In the film's ending, Nevsky delivered a stirring speech: "Go and tell all in alien lands that Russia (Rus) lives! Let all come and be our guests. But he who comes to us sword in hand, by the sword shall perish! On that our Russian land will forever take its stand! HE WHO COMES TO US SWORD IN HAND BY THE SWORD SHALL PERISH. ON THAT OUR RUSSIAN LAND WILL FOREVER TAKE ITS STAND."

The Dawn Patrol (1938)
d. Edmund Goulding

Aerial combat above WWI France, 1915

Errol Flynn took the lead role as insubordinate flight commander Captain Courtney and Basil Rathbone starred as the commander officer Major Brand forced to send amateur pilots of the 39th Squadron of the Royal Flying Corps into the air against ace German fliers.

It was a remake of the 1930 film starring Douglas Fairbanks, Jr. and Richard Barthelmess as pilots, which told the story of the British Royal Flying Corps at a remote outpost in France during World War I.

Beau Geste (1939)
d. William A. Wellman

French Foreign Legion in North Africa

William Wellman's tale was a superb, high adventure set in the desert. The plot involved three Geste brothers (Gary Cooper, Robert Preston, and Ray Milland) who disappeared from England to avoid scandal and became members of the French Foreign Legion.

The themes of the film included brotherly loyalty, patriotic honor, self-sacrifice, and treachery. The film opened with the enigmatic view of Fort Zinderneuf, later to be explained as the film progressed.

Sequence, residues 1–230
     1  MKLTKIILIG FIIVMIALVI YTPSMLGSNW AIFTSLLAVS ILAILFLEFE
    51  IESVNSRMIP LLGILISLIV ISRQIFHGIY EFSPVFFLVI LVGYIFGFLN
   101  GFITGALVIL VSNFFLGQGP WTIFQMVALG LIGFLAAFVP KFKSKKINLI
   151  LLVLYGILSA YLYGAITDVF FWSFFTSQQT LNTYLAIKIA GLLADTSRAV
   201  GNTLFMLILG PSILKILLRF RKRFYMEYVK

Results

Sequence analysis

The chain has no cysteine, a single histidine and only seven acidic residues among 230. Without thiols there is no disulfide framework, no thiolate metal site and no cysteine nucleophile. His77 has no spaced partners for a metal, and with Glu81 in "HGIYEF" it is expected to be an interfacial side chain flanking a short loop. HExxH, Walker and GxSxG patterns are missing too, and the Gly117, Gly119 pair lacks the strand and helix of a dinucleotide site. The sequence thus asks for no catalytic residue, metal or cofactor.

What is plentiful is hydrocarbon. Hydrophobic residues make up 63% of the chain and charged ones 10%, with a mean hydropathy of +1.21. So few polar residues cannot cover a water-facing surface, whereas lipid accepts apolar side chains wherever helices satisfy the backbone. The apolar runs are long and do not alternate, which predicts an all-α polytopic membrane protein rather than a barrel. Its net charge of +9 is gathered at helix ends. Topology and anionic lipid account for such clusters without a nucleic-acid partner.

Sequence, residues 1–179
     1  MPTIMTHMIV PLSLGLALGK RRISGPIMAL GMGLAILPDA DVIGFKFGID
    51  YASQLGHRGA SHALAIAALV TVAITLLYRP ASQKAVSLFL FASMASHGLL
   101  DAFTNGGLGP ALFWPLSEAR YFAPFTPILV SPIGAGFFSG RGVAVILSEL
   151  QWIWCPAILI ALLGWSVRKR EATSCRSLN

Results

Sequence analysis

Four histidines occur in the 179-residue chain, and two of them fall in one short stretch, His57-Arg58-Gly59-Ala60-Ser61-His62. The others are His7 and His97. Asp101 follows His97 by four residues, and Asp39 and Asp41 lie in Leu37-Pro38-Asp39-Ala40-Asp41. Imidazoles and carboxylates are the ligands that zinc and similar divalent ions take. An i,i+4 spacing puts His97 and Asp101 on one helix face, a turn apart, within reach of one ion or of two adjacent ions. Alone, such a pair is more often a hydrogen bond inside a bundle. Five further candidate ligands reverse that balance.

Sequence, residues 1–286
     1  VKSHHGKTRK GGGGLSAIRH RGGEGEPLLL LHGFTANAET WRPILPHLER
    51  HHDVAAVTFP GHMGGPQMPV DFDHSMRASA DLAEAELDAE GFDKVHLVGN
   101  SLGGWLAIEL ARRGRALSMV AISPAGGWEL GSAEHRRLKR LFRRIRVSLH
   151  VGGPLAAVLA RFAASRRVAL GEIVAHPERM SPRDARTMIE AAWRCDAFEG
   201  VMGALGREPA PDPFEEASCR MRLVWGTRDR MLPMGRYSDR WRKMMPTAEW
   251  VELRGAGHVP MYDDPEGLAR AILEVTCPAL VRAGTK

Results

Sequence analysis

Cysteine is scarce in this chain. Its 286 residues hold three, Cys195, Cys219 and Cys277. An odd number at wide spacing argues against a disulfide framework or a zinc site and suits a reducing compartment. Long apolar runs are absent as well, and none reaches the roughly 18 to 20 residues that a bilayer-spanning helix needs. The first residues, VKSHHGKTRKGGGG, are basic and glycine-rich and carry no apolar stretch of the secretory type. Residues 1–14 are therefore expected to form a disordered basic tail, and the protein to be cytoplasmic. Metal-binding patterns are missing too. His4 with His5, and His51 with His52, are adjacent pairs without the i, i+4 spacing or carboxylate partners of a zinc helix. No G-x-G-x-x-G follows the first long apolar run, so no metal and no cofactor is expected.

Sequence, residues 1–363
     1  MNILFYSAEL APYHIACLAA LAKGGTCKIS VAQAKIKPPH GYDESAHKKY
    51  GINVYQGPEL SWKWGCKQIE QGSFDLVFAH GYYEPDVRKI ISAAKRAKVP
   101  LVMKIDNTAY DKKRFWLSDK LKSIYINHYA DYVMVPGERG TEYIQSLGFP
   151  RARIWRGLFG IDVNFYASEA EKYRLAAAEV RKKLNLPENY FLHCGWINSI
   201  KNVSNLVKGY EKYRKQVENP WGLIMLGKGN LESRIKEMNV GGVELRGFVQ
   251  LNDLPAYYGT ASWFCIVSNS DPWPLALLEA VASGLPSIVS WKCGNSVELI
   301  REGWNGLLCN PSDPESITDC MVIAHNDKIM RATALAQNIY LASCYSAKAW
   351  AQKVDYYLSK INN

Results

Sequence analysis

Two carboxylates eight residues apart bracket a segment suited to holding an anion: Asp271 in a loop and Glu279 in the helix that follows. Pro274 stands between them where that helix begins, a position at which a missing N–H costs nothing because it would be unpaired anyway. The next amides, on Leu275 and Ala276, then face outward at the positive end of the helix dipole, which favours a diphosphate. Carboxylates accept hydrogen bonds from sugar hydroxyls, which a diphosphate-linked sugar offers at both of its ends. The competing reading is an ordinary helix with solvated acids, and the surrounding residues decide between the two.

Gone With the Wind (1939)
d. Victor Fleming

Civil War and Reconstruction period

The star-studded Civil War epic drama traced the South's tragic history during the war and the Reconstruction period.

Set against this sweeping historical backdrop, the film followed a melodramatic romance between an indomitable, fiery Southern belle Scarlett O'Hara (Vivien Leigh) and a slyly-dashing war profiteer Rhett Butler (Clark Gable), tangled by her emotional love affair with a married Southern gentleman (Ashley Wilkes).

She struggled to protect her family and her beloved plantation, Tara, from the ravages of the Civil War.

The Greatest War Movies
(chronological by film title)
Introduction | 1900s-1920s | 1930s | 1940s-1 | 1940s-2 | 1950s
| 1960s-1 | 1960s-2 | 1970s | 1980s | 1990s | 2000s | 2010s